My recent visit to Poland was an eye-opener. It was nothing like the other European countries. A colleague and I toured Warsaw and Wroclaw, the two big cities.
The 10-hour flight from the Julius Nyerere International Airport in Dar es Salaam to Warsaw’s Chopin Airport was exhausting to say the least, what with Covid-19 safety rules, masking and transit processes.
Warsaw was rebuilt after its destruction during the Second World War that saw 99 percent of the city razed. This history and more tales of the suffering of Warsaw and its fight for Independence, the popular uprising that peaked in the 1970s and 80s are documented at the Warsaw Museum.
It was established as a tribute to the sacrifice by Warsaw residents and is epitomised by the remains of a teenager and replica grave. The outer museum walls bear thousands of names of those who fought and died during the civil uprisings.
The museum has a multimedia exhibition of Polish military history showing the 63 days of fighting, everyday life of the civilian population and post-war communist terror, in the film City of Ruins.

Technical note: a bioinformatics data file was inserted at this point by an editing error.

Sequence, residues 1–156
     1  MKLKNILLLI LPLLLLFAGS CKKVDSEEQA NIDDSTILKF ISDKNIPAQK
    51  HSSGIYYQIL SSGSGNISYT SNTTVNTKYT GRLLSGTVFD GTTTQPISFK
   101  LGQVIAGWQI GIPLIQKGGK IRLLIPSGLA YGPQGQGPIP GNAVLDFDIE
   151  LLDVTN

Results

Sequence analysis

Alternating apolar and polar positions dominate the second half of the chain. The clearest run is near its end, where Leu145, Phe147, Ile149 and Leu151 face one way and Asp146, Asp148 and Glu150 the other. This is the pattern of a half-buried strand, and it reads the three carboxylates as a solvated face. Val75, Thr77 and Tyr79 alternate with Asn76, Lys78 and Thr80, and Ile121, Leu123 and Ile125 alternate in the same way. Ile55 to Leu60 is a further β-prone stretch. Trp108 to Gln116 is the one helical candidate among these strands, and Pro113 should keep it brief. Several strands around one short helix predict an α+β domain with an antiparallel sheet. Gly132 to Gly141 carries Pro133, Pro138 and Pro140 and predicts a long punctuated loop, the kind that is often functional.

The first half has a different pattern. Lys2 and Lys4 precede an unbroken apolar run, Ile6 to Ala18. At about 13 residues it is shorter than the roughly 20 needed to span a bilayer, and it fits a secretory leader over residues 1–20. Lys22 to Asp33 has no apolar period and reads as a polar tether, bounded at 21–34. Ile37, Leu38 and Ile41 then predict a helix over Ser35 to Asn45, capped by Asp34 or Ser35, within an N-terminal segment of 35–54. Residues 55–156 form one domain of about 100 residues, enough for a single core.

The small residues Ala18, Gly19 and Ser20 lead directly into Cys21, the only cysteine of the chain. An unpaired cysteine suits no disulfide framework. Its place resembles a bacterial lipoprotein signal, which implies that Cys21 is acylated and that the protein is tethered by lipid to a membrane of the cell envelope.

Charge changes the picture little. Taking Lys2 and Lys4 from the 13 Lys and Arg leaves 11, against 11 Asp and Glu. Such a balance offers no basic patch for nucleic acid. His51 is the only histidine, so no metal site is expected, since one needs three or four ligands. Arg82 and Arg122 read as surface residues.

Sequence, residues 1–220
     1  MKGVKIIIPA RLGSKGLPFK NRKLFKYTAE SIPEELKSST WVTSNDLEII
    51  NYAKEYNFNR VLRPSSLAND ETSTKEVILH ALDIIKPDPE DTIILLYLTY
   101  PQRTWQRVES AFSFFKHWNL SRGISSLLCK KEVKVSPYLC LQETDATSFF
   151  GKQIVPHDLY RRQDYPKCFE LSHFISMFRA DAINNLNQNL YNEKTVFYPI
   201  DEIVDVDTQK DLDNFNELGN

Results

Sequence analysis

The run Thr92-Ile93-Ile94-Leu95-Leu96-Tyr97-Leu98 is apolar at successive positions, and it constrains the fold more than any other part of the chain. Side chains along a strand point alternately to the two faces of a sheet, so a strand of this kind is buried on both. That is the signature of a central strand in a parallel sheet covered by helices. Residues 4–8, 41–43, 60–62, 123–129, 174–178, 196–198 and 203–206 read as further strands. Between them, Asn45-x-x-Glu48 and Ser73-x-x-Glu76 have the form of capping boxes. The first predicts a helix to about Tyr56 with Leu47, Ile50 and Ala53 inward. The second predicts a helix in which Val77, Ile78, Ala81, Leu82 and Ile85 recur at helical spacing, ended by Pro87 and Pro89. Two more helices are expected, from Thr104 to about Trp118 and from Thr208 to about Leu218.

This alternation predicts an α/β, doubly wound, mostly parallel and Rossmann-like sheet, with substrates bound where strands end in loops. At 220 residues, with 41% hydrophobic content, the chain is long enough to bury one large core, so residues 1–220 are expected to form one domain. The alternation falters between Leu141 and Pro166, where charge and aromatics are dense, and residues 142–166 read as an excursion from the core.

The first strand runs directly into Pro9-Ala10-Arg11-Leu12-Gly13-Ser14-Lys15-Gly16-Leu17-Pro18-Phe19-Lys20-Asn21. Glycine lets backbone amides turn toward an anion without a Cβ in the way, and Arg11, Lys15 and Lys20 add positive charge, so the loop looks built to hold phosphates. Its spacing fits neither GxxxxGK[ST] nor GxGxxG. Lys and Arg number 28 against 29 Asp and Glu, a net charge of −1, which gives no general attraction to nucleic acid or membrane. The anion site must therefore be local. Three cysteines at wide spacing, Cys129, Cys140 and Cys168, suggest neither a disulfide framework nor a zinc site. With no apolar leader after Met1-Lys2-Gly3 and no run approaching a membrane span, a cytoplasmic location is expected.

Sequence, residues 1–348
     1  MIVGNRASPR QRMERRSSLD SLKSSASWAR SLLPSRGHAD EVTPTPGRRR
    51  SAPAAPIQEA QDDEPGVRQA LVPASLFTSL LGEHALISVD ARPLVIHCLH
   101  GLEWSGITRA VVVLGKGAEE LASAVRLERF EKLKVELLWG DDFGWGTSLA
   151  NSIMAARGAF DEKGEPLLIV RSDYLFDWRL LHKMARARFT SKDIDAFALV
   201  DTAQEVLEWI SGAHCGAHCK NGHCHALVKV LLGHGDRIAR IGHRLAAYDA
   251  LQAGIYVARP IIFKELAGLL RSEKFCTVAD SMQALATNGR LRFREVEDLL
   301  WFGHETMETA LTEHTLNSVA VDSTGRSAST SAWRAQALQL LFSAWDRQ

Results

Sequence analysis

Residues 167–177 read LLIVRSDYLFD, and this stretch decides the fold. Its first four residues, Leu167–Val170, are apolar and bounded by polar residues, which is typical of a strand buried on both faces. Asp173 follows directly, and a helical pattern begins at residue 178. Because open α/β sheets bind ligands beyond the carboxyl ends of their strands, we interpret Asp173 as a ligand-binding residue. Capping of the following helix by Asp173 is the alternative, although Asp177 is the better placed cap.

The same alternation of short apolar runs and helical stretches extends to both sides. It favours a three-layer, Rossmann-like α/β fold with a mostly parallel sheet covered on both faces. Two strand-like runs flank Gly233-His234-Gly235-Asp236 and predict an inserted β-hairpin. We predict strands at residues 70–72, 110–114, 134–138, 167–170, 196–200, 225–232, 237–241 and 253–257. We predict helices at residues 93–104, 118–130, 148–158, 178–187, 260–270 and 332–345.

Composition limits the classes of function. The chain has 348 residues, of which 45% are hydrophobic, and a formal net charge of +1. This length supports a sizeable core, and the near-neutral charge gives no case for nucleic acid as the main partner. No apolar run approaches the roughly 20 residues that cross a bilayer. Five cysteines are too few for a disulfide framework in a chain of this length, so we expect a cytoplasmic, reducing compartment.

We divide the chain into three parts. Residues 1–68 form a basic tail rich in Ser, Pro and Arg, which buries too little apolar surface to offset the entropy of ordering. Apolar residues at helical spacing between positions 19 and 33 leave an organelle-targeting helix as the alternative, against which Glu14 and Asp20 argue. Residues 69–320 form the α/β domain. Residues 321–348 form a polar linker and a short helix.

Warsaw’s old town’s rebuilt Royal Castle and exquisite Market Square have colourful building facades which also house in and outside restaurants and cafés. The Square has a statue of the city’s symbol, a mermaid with upraised sword. Historical interiors come to life in the rebuilt and restored works of Canaletto or Bacciarelli.
One evening we visited the Wilanów Palace outside the city, which had laid on the annual Royal Garden Lights Festival.
Built in the 17th century for King John Sobieski III, and expanded by other rulers and beauty enhanced with the Wilanów gardens and glittering four-wheeled goose-carriage just outside the Palace. The perfectly manicured gardens were awash in dazzling rays of thousands of lights and synchronized with music.